One of the nicer things about this more modern age of football is that Youtube gives us all great access to video that we didn’t have before. For the student of the 46, this means that fans of the 1980s Chicago Bears have been active putting up video of their favorite team. A user named ironworkerjeff has put up several videos useful for analysis. I’ll give links to three of them
- 1985 Chicago Bears
- 46 Special, part 1 of 3
- 46: variations and versatility
Update 2-26-2011: These Youtube videos have been removed. I suspect since video of this period is a product and ESPN Classic is still airing their 46 Special, there were copyright violations that led to the removal of this content. I can’t see any place to buy the ESPN Classic 46 Special, but it was replayed on ESPNCL this last February 26th. Video of the 1985 Bears is available on DVD. 12 games of theirs are on sale through Amazon.
In the first of these three videos, there is a terrific section with Forrest Gregg that starts at roughly 0:58
They run several different alignments, and they move their defensive linemen around to different positions. They have the ideal personnel to handle that style of defense.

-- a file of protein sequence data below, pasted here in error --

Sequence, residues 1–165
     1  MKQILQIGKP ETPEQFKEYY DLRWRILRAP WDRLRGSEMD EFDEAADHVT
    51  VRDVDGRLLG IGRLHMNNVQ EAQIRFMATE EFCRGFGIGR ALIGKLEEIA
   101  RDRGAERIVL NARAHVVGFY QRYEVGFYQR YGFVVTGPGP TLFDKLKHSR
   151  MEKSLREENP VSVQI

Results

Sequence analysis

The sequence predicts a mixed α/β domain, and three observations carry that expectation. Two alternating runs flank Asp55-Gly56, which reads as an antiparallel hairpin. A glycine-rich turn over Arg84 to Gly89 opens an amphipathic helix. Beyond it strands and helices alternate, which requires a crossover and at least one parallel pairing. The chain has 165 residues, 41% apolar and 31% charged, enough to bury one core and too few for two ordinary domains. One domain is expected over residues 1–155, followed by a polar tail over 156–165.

Though there is a tendency to talk constantly about the 46, not all video throughout the series is of the 46. 4:30 into video one is a generic 4-3.
A classic 46 look
Madden drawing a 46. The MLB is behind the NG. He can be over the RT.
On the second video mentioned, at 3:28, there is an excellent shot of a 46 front. In the third video, at roughly 2:40 to 2:43, John Madden talks about the signature recognition feature of the 46, the “diamond”.
Madden drawing diamond in the divisional playoff broadcast, Giants and Bears
Update 3-2-2011. The diamond can also be seen in the broadcast of the 1985 Chicago Bears – San Francisco game, available via DVD from Amazon:
The “diamond” can easily be mistaken for a 3-4 front if you’re not looking but the three interior linemen aren’t lined up the same.
- The “nose tackle” is lined up over the center.
- The “ends”, in 3-4 jargon, are lined up over the guards, or are found in the “B” gap. Tackles are uncovered.
The three linemen in the diamond are usually down in a three point stance. Everyone else on the line can be in any stance. There will be 5 to six players on the line and eight in the box.
Now throughout the series they keep talking about the two (Sam and Will) linebackers over the tight end blitzing. I think these comments aren’t correct. Those players in that position have assigned rush responsibilities depending on whether the TE goes out for a pass or stays.
Other notes and comments about the video. In video 2, three are terrific comments by Leslie Frasier and Ron Rivera at about the 2:00 mark, useful comments by Bill Walsh at the 4:00-4:22 mark, and there is a fantastic quote by Mike Ditka in video 2 at the 5:14 mark.
People would spend hours preparing for the 46, but Buddy might not play the 46 but about 10 times a game.
This, I think, marks the true genius of a multiformation defense.